With Dawn Chorus we want to make the birds' voices heard. We want to research their occurrences, follow their population development and make the decline of their biodiversity tangible: The personal contribution of each participant makes this biodiversity research and cultural project possible.

Impressions from Nature and Arts

Christoph Brech – Corona Mond

Tom Hull Aka Missing Wolf – The Voices That Wake Us

Marcus Maeder – le langage de la croissance

Dawn Chorus

The Citizen Science Platform Dawn Chorus is a project by BIOTOPIA (Bavaria’s new museum of life sciences and environment) and the Nantesbuch Foundation based in the Bavarian foothills of the Alps. The idea for this project was born at very short notice in view of the worldwide Covid-19 lockdown and the unique silence of human civilization at this historic moment.

Within a very short period of time, people came together in this situation for whom nature is the focus of their work - inspired by the work of the "founding father of soundscaping" Bernie Krause.

Within a few weeks, this new platform is now being created in collaboration with many forces from science, culture and the digital world.


Soundscaping – Sonic landscapes

"Soundscaping" refers to the documentation of the sounds of nature. Amazing insights into the biodiversity of a habitat that go far beyond the naked eye can be gained with this method. One of the founding fathers of this acoustic approach to nature is the American musician and bio-acoustician Bernie Krause, born in Detroit in 1938.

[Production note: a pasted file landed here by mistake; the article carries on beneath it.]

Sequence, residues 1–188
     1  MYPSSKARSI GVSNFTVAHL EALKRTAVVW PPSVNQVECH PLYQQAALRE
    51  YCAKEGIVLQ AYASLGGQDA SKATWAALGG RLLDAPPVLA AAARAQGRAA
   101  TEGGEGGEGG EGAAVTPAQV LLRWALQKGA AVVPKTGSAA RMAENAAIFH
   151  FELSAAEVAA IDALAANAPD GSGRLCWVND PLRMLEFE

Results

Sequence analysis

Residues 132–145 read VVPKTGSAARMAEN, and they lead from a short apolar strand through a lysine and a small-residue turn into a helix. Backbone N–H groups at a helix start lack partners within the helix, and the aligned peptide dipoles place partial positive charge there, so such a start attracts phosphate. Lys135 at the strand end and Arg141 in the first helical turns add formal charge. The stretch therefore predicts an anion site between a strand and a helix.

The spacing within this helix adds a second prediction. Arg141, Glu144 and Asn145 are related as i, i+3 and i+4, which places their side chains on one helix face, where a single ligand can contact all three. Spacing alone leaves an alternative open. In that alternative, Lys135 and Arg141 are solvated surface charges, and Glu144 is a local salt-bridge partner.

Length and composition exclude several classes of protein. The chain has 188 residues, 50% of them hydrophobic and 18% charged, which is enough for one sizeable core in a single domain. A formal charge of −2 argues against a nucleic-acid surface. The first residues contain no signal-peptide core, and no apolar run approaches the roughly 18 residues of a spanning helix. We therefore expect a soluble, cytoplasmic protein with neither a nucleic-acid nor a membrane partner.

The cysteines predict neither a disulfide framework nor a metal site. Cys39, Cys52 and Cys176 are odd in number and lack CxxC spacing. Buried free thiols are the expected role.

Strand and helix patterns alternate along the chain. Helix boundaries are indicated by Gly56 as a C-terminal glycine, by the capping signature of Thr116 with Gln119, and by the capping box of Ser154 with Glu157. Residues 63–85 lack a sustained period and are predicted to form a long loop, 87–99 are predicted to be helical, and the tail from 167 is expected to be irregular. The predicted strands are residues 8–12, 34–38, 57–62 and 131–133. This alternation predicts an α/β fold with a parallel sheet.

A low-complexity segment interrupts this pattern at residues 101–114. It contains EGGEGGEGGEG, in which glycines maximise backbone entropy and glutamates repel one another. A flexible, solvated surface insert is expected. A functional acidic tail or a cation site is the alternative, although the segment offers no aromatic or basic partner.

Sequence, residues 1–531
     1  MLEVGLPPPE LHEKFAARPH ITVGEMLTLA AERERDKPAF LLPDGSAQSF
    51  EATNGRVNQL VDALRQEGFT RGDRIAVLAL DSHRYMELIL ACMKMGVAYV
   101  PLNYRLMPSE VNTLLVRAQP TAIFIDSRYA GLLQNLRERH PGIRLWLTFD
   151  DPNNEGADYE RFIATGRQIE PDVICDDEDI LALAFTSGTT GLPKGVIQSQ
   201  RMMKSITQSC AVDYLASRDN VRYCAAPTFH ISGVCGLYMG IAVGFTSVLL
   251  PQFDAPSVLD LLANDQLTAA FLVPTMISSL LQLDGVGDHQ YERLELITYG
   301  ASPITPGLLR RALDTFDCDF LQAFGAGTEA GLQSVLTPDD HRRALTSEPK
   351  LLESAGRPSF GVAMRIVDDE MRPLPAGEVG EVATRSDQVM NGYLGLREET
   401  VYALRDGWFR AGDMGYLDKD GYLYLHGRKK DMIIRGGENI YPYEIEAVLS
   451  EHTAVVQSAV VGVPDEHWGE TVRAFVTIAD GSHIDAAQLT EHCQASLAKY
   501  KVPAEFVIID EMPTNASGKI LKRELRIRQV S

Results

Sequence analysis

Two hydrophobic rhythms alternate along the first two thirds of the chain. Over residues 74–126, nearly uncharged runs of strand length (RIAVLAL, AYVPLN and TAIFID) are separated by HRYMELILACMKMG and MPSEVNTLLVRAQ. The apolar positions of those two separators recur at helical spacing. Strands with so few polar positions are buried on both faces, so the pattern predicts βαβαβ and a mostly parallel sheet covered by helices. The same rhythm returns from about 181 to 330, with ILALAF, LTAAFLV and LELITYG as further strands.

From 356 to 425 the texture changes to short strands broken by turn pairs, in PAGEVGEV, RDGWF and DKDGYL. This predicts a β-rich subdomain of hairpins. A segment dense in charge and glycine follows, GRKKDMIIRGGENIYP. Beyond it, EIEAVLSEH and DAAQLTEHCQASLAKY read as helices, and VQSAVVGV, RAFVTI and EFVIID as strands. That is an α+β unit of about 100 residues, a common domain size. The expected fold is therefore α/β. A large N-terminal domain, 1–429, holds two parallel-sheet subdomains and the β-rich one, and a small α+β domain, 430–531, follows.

When Krause recorded the sounds of nature around 1975 in order to incorporate them into his compositions, he discovered "the great orchestra of animals" - and discovered his life's theme.

He studied bioacoustics and received his doctorate with a comparative thesis on the voices of killer whales in captivity and in the wild. On his worldwide travels, he collected more than 15,000 so-called field recordings of animal and nature sounds in habitats, i.e. natural habitats.


Silencing nature

Sounds of human origin are also reflected: traffic or aircraft noise impact the sounds of nature. This results in so-called soundscapes, a kind of landscaped sonic field. Krause processes the sounds together with their graphic representation to create completely new representations of nature.

From the totality of these sounds he can grasp the state of the respective habitat and draw conclusions about the development of diversity from the changes in the soundscape over time.

In many places, the repeated recordings reveal a drastic loss of biodiversity: With the advance of civilization, the sounds of nature are becoming increasingly silent.

Dawn Chorus Vögel